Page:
China wields a substantial influence across the critical minerals industry at all stages of the supply chain, with a particular focus on mining and refining.
According to a Brookings Institution report, China is responsible for refining 68 per cent of the world’s nickel, 40 per cent of copper, 59 per cent of lithium and 73 per cent of cobalt.
“Most significantly, China holds 78 per cent of the world’s cell manufacturing capacity for electric vehicle batteries, which are essential for a transition to electric batteries as we try and wean ourselves off of fossil fuels,” Cohen said.
“Given the current state of play, the status quo will not provide the energy security that Canada, the United States or our democratic friends and allies need for our cleaner energy future.”
EV battery demand increases lithium demand
Lithium-ion batteries are the preferred choice for electric car batteries due to their combination of high energy density, rechargeability, lightweight design, fast charging capabilities and long cycle life.
Last year, lithium saw its prices rise but lithium carbonate and hydroxide have been dropping throughout this year. According to some reports, the price has decreased because the demand for electric vehicles in China has decreased and battery manufacturers have cut back large lithium purchases as a result.
This month, the European Commission launched an investigation into whether it should levy substantial tariffs on electric vehicles manufactured in China. The reason was to protect the competitiveness of vehicles produced in Europe. According to the Commission’s findings, Chinese electric vehicles are –on average– 20 per cent more cost-effective than their European counterparts.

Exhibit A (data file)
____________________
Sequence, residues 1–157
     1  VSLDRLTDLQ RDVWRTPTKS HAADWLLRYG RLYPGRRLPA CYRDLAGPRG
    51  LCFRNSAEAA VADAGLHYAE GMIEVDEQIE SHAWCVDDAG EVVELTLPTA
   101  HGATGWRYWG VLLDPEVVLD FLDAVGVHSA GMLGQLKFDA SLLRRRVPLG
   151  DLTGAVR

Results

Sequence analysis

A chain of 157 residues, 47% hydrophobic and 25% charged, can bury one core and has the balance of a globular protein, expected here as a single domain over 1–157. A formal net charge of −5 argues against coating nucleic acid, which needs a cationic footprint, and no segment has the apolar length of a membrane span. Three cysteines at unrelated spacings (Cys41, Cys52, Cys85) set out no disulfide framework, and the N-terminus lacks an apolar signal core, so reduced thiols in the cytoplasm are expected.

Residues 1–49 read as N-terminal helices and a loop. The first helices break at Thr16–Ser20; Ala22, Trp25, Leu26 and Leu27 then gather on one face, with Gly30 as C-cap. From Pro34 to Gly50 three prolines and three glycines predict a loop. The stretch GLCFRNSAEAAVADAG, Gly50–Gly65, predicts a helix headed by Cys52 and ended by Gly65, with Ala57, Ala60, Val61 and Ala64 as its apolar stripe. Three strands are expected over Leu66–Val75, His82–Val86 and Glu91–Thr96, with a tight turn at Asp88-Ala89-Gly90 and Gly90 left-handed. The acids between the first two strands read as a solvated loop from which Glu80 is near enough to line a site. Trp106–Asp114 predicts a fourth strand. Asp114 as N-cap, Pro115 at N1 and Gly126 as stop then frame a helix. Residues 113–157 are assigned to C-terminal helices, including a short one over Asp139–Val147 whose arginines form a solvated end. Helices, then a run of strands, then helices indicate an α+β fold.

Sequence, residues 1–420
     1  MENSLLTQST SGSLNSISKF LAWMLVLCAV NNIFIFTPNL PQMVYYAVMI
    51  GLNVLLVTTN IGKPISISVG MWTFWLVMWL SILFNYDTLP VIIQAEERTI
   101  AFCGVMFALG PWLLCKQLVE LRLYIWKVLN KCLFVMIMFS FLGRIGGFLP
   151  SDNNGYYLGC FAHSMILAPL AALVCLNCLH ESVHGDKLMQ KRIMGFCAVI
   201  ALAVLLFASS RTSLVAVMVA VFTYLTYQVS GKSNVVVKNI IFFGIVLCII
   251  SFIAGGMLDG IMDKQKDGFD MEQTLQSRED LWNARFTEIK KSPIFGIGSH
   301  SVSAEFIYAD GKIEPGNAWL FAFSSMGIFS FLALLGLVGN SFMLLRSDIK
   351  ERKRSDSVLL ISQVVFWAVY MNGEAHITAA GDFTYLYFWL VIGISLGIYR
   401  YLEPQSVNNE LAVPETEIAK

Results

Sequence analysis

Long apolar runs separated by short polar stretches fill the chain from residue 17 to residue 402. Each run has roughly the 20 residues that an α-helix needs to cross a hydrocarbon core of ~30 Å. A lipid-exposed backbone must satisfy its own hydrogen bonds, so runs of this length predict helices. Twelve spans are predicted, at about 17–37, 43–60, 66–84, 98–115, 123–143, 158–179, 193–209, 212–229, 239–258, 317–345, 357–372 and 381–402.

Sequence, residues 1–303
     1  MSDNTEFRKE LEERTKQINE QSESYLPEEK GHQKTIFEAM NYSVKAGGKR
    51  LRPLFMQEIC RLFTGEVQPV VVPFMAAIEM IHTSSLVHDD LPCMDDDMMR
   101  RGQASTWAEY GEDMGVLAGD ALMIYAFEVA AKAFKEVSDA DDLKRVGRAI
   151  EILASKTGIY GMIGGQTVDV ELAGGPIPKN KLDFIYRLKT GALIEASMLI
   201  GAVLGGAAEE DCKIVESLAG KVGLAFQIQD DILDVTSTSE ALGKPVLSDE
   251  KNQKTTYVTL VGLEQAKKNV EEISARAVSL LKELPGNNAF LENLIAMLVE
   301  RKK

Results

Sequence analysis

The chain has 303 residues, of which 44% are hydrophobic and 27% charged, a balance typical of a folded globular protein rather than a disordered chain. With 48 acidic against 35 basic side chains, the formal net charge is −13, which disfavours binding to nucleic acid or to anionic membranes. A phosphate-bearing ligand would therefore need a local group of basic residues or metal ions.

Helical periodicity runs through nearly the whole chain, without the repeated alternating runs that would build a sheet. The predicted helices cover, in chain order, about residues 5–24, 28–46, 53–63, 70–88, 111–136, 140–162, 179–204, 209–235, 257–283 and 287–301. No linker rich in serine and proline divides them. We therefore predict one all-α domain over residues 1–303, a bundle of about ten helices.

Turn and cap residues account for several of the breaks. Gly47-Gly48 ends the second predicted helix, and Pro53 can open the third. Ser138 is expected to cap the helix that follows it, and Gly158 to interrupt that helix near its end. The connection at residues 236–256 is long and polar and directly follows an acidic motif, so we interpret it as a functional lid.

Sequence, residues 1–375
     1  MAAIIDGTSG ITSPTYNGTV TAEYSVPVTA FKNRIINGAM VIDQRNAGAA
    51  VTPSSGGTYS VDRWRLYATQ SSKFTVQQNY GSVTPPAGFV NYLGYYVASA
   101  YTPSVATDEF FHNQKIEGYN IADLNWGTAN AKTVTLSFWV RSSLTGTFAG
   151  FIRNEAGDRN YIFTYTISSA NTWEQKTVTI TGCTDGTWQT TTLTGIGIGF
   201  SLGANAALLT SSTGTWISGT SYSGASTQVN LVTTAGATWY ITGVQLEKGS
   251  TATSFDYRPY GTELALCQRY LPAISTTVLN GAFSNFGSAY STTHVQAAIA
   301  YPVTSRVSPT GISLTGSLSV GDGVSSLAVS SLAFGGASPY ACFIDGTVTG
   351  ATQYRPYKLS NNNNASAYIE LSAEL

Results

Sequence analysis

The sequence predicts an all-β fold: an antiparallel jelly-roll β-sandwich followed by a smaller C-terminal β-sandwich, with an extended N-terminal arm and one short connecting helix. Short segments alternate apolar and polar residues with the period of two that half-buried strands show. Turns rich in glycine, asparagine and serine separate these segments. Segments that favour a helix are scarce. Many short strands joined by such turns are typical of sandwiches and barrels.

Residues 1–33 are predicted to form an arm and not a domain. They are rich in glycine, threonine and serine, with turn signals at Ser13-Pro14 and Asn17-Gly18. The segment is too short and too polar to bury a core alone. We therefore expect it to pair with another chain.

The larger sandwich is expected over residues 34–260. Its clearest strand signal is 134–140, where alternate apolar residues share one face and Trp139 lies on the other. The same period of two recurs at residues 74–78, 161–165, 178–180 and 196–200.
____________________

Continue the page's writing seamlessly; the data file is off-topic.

Junior lithium miners play a vital role in the lithium industry, addressing the surging demand driven by the electric vehicle (EV) and renewable energy sectors. They are pioneers in lithium innovation and technology, striving to become more cost-effective producers while actively working to reduce their environmental impact.
Junior miners pivotal for lithium supply
With the booming lithium market, these junior miners offer lucrative investment opportunities and have become targets for mergers and acquisitions by major mining corporations. Their geographical advantages, particularly in lithium-rich regions like Argentina’s Lithium Triangle, position them for lower production costs and faster market entry.
Among the Canadian companies operating in the Argentinean region, notable players include Allkem (TSX: AKE) and Livent Corporation (NYSE: LTHM). Recently announced a merger to create a new firm valued at US$10.6 billion. Their operations are centered in the Salar del Hombre Muerto in the Catamarca province, which host other major projects run by the Korean firm POSCO (KRX: 005490).
Lithium South Development Corporation (TSX-V: LIS) (OTCQB: LISMF) (Frankfurt OGPQ) has made significant strides in this lithium-rich region. The company recently reported a remarkable 175 per cent increase in the total lithium brine resources at the Hombre Muerto North Lithium Project.
Other main players in the lithium industry include New Age Metals (TSX.V: NAM), Azincourt Energy (TSX.V: AAZ), Sigma Lithium (NASDAQ: SGML), Lithium Americas (TSX: LAC), Patriot Battery Metals (TSX.V: PMET), Standard Lithium (TSX.V: SLI), Piedmont Lithium (NASDAQ: PLL), Critical Elements (TSX.V: CRE) and American Lithium (TSX.V: LI).
In essence, junior lithium miners are pivotal in supplying lithium, driving innovation, attracting investments and shaping the future of this dynamic industry.
Lithium South is a sponsor of Mugglehead News coverage